Dr Stephanie Diezmann


Each year, more people die of fungal infections than of malaria or tuberculosis worldwide. Our lab is interested in understanding how fungi cause disease in humans and aims to identify suitable targets to stop them. We investigate fungal pathogenicity by combining genetics, evolutionary theory, and molecular biology.


Our aim is to minimize the detrimental impact fungi have on human health and wellbeing. To do so, the lab is combining research into the cellular functions of the molecular chaperone Hsp90 with a targeted analysis of specific Hsp90 clients and their role in fungal virulence.

Our long-term goals include (i) the development of a novel drug target to be used in combination therapy with existing Hsp90 inhibitors, (ii) a detailed understanding of the evolution of Hsp90 genetic interaction networks, and (iii) the advancement of a new invertebrate host model to reduce numbers of commonly used vertebrate models.


We aim to understand how fungi cause disease in humans and identify novel drug targets in the fungal cell to develop more effective antifungal therapies.


The lab uses genetics and molecular biology to understand Hsp90’s role in fungal virulence with the long-term goal of identifying novel drug targets. Hsp90 is a molecular chaperone that stabilizes numerous signal transducers inside the cell and plays a central role in regulating fungal virulence. We previously showed that Hsp90 interacts with ~5% of the Candida albicans genome with many of its interactors being relevant in the expression of virulence traits. Since Hsp90 is highly conserved and thus difficult to target exclusively, its clients may provide more suitable drug targets. We focus on the leading fungal pathogen of humans Candida albicans, which causes a diverse array of disease ranging from oral thrush to life-threatening systemic infections, which affect 400,000 people world-wide annually.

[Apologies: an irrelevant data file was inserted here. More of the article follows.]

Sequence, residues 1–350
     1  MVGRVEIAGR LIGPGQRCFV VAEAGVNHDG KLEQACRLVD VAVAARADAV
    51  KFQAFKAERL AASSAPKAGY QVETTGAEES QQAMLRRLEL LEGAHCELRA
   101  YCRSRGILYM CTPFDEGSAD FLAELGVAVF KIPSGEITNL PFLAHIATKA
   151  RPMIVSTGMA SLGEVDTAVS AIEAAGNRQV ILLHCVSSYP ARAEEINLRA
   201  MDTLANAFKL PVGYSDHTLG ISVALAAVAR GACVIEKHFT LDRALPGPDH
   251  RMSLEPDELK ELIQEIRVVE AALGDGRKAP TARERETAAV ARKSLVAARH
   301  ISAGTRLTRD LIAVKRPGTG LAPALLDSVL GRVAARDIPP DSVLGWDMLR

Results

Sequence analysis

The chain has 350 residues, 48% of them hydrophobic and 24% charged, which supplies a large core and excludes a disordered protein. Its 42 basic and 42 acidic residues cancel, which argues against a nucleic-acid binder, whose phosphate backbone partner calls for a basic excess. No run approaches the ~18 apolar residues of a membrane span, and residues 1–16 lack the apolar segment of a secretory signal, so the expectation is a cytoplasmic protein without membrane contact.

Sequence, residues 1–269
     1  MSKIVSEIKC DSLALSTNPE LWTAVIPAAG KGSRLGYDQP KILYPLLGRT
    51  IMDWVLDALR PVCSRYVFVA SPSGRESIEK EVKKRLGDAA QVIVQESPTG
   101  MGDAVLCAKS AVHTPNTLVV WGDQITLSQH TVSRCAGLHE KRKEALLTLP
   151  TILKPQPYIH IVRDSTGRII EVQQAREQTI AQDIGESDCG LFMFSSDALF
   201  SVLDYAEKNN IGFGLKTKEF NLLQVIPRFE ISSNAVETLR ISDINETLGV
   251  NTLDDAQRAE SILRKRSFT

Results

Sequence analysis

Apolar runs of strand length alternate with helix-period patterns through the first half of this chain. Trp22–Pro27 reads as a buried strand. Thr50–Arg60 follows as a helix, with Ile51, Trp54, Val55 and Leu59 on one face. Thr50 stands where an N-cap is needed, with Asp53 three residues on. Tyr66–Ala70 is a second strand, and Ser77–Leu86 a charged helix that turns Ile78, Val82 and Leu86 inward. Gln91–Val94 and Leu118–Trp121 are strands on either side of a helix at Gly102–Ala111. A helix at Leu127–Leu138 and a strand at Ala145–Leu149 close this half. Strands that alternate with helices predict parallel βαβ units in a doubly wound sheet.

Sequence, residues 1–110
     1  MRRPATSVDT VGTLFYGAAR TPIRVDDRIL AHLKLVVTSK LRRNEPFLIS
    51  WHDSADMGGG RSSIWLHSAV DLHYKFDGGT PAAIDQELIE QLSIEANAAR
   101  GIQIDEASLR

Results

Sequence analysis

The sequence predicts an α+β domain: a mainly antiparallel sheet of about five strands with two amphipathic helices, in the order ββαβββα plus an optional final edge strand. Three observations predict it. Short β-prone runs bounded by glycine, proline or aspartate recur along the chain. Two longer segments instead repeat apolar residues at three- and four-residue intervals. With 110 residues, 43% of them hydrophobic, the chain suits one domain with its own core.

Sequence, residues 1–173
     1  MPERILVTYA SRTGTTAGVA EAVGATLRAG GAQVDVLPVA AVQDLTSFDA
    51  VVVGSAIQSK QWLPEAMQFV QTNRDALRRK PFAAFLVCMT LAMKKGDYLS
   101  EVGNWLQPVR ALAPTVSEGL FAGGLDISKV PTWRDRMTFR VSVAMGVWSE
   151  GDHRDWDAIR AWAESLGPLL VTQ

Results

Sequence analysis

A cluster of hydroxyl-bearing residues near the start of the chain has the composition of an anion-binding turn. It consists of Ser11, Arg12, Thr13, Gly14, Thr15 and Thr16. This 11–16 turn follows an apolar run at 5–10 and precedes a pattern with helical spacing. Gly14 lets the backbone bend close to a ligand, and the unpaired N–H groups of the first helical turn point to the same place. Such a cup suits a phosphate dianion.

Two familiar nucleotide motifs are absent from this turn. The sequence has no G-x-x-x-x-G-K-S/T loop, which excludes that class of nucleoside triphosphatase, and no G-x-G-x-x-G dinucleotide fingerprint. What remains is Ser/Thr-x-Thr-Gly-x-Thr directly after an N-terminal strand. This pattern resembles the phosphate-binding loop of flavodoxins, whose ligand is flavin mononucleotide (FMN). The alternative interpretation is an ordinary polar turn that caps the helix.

Currently our team is:

1)    Characterising how Hsp90’s interactions with specific kinases affect fungal virulence. Using molecular and biochemical approaches, we investigate Hsp90-kinase interactions, including those that regulate Hsp90 and those that are dependent on Hsp90.

2)    Mapping the evolutionary trajectories of Hsp90 genetic interaction networks. We are conducting chemical-genomic screens in fungal species covering ~300 million years of evolution to elucidate how these circuitries evolved.

3)    Developing caterpillars of the Tobacco Hornworm as a novel invertebrate model host. To test the virulence potential of specific genes, mutants are often passaged through mice, which is ethically questionable and expensive. To mitigate this, we aim to develop a novel invertebrate model by making use of the UK’s only Hornworm colony based at the University of Bath.

Qualifications and History for Dr Stephanie Diezmann

  • 2009: PhD, University Program in Genetics and Genomics, Duke University, USA
  • 2009 – 2013: Post-doctoral Fellow, Department of Molecular Genetics, University of Toronto, Canada
  • 2013 – 2015: Prize Fellow, University of Bath, UK
  • 2015 – 2018: Lecturer, University of Bath, UK
  • 2018 – present Senior Lecturer, University of Bristol, UK 


  • 2001: Undergraduate Research Fellowship, German Academic Exchange Service
  • 2002 – 2004: PhD Fellowship, Duke University Program in Genetics and Genomics
  • 2010 – 2012: Postdoctoral Fellowship, Ontario Ministry of Research and Innovation
  • 2012: International Society for Human and Animal Mycology Young Investigator Award in Clinical Mycology

Selected Publications

  • Diezmann S, MD Leach, LE Cowen. 2015. Functional divergence of Hsp90 genetic interactions in biofilm and planktonic cellular states. PLoS ONE. 10(9): e0137947-20
  • Diezmann S. 2014. Oxidative stress response and adaptation to H2O2 in the model eukaryote Saccharomyces cerevisiae and its human pathogenic relatives Candida albicans and Candida glabrata. Fungal Biology Reviews 28: 126
  • Diezmann S, M Michaut, RS Shapiro, GD Bader, LE Cowen. 2012. Mapping the Hsp90 genetic interaction network in Candida albicans reveals environmental contingency and rewired circuitry. PLoS Genetics 8(3): e10002562
  • Diezmann S, FS Dietrich. 2011. Oxidative stress survival in a clinical Saccharomyces cerevisiae isolate is influenced by a major quantitative trait nucleotide. Genetics 188(3): 709
  • Diezmann S, CJ Cox, G Schönian, RJ Vilgalys, TG Mitchell. 2004. Phylogeny and evolution of medical species of Candida and related taxa: a multigenic analysis. Journal of Clinical Microbiology. 42(12): 5624


Our lab is/was generously funded by the MRC, BBSRC, Royal Society, and the ERC’s Marie Curie Initiative.


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